While it typically remains in the atmosphere for much less time than CO2, methane is more potent – about 86 times more per unit of mass over 20 years, the paper noted.
“Particularly during the last few years, we’ve seen quite dramatic growth rates of methane,” said Pep Canadell, head of CSIRO’s Global Carbon Project and one of the paper’s authors.
Emissions of the gas from natural sources of methane, such as wetlands, termites or volcanoes, barely budged from the average over 2000-2006 to 2017, at about 367 million tonnes a year, the paper said.
By contrast, fossil-fuel sources had risen about 27 per cent to 135 million tonnes annually, with coal-linked methane emissions up 51.7 per cent and those from oil and gas up 16.7 per cent.
Methane from farming, such as rice cultivation and cattle, rose 12.7 per cent during the period to 213 million tonnes, annually, the paper found.
China was a big source of the extra methane as its coal industry expanded, Dr Canadell said. The Oceania region, which includes Australia, also featured as one region where both fossil fuel and agriculture-sourced methane has increased.
In North America, fossil-fuel development contributed about 80 per cent of the extra methane from that region.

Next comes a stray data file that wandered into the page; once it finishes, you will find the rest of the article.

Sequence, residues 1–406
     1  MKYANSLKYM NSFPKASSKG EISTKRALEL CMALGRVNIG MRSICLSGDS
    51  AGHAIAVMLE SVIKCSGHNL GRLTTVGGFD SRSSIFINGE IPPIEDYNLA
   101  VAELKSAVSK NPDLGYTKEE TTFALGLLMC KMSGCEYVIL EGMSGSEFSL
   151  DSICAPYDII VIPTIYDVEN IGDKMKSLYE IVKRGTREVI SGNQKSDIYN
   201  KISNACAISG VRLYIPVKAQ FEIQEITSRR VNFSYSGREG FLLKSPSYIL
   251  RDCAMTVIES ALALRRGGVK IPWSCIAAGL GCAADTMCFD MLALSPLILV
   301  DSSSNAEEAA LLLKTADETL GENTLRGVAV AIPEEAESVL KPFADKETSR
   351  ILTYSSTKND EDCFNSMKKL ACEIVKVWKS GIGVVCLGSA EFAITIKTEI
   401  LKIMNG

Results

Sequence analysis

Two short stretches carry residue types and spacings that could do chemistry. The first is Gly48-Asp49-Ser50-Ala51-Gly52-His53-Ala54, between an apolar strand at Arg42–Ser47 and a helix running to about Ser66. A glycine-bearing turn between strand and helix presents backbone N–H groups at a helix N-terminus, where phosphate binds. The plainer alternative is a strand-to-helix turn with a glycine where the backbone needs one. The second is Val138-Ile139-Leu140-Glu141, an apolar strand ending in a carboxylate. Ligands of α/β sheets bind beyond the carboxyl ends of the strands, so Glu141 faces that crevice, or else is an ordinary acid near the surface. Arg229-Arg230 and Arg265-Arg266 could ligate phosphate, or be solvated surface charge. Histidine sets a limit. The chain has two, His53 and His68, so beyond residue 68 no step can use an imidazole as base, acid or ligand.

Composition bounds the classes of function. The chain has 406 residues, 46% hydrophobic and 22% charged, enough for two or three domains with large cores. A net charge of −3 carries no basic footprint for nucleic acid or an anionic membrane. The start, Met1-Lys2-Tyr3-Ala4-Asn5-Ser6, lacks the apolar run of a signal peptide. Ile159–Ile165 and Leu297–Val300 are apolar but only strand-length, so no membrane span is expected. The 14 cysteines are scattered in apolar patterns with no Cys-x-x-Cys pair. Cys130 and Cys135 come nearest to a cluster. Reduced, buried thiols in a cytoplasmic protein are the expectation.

Stanford University’s Rob Jackson, the paper’s lead author, said gas use “is rising quickly here in the US and globally”.
“It’s offsetting coal in the electricity sector and reducing carbon dioxide emissions, but increasing methane emissions in that sector,” he said. “The US and Canada are also producing more natural gas, and as a result, we’re emitting more methane from oil and gas wells and leaky pipelines.”
Proponents of the gas industry had long dubbed it a “transition fuel” to wean economies off coal, citing its lower warming impact when burnt. However, leakage of methane can nullify any advantage, given the potency of the gas in the atmosphere.
“Moving from one fossil fuel to another fossil fuel is not a pathway to net-zero emissions that we have collectively agreed on,” Dr Canadell said, referring to the 2015 Paris climate accord that sets a path for carbon neutrality by the second half of the century.
Methane was “not under any kind of policy” to be curbed, creating opportunities for governments to act, he said.
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Peter Hannam writes on environment issues for The Sydney Morning Herald and The Age.